Graphic Online

Graphic Online 

Countdown begins... People in my life

BY: Yaw Boadu Ayeboafoh
The writer, Yaw Boadu Ayeboafoh
The writer, Yaw Boadu Ayeboafoh

Today, as I recount the history of my employment with the Graphic Communications Group Limited which will come to an end officially next month, it is imperative to applaud three persons who were critical to my gaining formal education and a stint in theoretical and practical journalism.

I begin with Mr Kojo Yankah, who as Editor of the Daily Graphic  persuaded me to settle down as a print media journalist after my internship with the Graphic. When I completed my first degree, there was a strong influence and pressure on me to travel to Nigeria to teach. However, my father prevailed upon me to undertake graduate studies before he would allow me to travel.

Therefore when I completed my post graduate studies in Journalism and Communication Studies, the pressure was intensified. It was at that moment that Mr Yankah proved my saviour. Between January and March 1983, he kept on badgering me to come for full time appointment as I had proven my mettle during the internship.

I was however, indifferent and undecided because of the pressure to travel to Nigeria. I thought that if I took the appointment and left the job, it could discourage him from reaching out to others. However, when in March that year he called again to ask that I should come for the confirmation of my appointment before he proceeded on a long leave, I thought I had stretched his patience beyond limit.

I thus resolved not to travel to Nigeria and came to Accra and pleasantly, he ensured that I was given appointment which took effect from January1, 1983, a date which one of my subordinates, E.G.K.Deletsa, who worked as a Court Clerk, before venturing into Journalism described as fraudulent because it was a statutory public holiday.

Mr Yankah gave me all the encouragement and indeed when the company was sued for defamation because of a story I wrote and the Managing Director, Mr David Anane Fiadonu ,was on my heels to retract, the Editor promised that  for as long as I insisted on the veracity of the story, he would stand by me. He did and when we filed our response, the plaintiff voluntarily withdrew the suit


The second person who helped to entrench my interest in Journalism was Prof. P.A.V.Ansah, who taught me at the School of Communication Studies, University of Ghana, and ensured while a student, my article was published in the prestigious Legon Observer. The article was on eliminating examination malpractices and impersonation.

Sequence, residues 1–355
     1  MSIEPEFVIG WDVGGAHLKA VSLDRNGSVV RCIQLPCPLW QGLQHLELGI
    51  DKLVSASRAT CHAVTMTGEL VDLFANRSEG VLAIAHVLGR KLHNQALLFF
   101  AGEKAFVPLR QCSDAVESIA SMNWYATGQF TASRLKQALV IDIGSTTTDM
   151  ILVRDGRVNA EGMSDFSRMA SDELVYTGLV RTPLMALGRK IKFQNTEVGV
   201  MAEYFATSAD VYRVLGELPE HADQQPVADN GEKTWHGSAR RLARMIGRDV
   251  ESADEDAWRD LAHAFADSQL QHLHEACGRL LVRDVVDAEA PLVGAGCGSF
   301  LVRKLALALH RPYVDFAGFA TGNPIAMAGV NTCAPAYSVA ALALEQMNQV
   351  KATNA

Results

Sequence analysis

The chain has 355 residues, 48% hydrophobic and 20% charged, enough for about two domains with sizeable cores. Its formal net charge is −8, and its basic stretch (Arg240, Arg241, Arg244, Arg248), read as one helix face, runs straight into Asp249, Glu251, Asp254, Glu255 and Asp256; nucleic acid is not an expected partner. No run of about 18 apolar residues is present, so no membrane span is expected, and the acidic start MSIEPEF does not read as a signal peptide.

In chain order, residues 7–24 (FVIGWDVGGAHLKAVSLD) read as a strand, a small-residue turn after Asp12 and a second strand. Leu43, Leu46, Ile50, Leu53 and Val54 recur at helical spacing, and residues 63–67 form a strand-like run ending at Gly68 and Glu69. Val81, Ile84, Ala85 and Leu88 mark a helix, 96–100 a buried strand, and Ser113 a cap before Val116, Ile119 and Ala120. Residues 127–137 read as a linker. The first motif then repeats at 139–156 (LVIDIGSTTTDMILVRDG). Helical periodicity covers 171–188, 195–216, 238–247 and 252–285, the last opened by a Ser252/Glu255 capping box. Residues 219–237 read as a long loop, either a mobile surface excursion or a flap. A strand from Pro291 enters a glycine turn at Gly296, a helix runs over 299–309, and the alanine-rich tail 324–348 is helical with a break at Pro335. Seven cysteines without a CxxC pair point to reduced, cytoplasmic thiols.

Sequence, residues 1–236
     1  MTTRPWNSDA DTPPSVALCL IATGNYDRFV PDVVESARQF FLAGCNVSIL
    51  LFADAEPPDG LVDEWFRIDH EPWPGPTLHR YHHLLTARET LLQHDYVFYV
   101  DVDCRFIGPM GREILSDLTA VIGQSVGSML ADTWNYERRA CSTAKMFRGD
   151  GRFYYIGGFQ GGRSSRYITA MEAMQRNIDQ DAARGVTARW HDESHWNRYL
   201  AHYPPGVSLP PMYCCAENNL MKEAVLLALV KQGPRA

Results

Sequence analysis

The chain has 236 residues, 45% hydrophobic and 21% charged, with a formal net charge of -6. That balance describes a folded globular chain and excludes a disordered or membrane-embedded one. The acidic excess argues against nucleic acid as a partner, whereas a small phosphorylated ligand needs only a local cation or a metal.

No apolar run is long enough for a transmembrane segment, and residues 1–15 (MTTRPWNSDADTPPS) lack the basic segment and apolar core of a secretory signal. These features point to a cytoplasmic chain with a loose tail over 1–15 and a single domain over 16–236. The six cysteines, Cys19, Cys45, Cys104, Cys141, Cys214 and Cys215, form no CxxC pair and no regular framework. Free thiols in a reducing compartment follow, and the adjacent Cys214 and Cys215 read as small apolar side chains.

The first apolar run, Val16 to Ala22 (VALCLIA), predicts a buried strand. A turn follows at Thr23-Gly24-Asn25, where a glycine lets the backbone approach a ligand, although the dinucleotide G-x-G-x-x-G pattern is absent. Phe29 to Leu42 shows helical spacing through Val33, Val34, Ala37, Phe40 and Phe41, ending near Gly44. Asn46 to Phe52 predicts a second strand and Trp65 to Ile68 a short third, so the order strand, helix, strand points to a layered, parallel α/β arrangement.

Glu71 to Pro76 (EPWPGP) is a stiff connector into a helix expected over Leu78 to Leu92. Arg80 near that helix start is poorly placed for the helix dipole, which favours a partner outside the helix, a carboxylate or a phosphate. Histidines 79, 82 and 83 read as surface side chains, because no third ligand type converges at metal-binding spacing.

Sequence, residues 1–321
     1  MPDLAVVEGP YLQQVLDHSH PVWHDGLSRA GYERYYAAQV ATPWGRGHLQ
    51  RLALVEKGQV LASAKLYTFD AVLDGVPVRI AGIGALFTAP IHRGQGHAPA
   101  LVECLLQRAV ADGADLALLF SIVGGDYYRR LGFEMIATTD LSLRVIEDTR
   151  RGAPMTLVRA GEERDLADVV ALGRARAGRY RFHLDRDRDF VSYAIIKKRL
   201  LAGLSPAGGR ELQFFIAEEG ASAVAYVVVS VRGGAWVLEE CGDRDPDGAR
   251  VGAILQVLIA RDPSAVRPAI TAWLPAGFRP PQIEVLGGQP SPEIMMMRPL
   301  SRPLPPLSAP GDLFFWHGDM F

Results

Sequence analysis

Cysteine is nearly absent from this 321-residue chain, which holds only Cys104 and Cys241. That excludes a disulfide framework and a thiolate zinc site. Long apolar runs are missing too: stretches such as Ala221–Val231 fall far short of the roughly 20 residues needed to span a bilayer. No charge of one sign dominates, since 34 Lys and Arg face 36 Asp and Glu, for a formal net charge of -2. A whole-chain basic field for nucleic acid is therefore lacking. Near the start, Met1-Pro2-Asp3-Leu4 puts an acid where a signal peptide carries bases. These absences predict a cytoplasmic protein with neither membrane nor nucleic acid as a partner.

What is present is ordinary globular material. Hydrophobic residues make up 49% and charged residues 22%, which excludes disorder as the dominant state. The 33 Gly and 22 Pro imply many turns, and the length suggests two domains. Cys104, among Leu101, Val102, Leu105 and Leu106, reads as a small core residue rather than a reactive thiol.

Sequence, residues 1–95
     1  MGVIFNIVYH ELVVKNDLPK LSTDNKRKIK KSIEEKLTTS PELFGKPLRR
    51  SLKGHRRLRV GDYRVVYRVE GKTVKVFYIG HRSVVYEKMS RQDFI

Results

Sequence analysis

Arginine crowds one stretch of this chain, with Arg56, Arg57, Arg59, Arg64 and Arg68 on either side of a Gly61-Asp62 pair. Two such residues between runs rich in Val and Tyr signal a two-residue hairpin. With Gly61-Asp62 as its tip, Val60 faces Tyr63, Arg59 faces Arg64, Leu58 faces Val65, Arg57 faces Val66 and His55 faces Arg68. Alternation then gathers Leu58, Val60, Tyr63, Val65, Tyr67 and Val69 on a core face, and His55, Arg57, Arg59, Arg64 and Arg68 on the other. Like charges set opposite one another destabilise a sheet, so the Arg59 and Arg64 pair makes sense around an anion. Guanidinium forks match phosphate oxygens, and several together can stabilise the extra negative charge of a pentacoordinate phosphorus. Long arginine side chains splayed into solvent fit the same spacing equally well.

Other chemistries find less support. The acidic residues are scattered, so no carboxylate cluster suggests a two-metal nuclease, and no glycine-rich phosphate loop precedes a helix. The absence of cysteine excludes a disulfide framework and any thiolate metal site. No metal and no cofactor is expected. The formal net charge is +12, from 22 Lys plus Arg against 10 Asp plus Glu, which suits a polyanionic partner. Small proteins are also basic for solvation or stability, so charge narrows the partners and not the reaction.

It was he who singularly forced me into teaching when he came to Graphic to seek permission from the Managing Director to release me to teach on part-time basis at the school in 1988 and since then I have loved teaching. Some of my pioneer students are Mrs Mavis Kitcher, Editor of the Junior Graphic and Nana Ohene Ntow, who made Kokrokoo on Peace FM what it is today.

To the two of them, I owe appreciation and gratitude for whatever I have achieved in the teaching and practice of Journalism. But beyond them is another person who was brought into my life by God to be a change agent in my life. When we were about to enter middle school at Boamang in 1967, there was a problem. In primary school there were two streams, but there was one stream in middle school. It was thus a question of the first to pay their fees. My father was not in a position to pay but as Providence would have it, the head teacher, Master Tettey, personally went to see my grandmother and informed her that if they did not appreciate education, he did and had accordingly reserved one place for me for as long as my father was willing to pay my fees.

As it turned out, all my mates who could not enter Form One had their education curtailed. I progressed from there and only terminated when I was called to do national service after my graduation from the University of Ghana, Legon.

God is wonderful, for when in my adult life I consulted to find out what could be a fitting gift for the help, I was in the office one day when a son of Master Tettey came to me virtually crying. He had been offered admission at the Accra Polytechnic and had up to Friday, that is in two days to settle the fees or lose the chance. With animation, I went to a colleague and borrowed money since I did not have enough on me. When Master Tettey  called to thank me, I said I rather owed him. He was eternally satisfied and always thanked me whenever I went to Boamang until his death.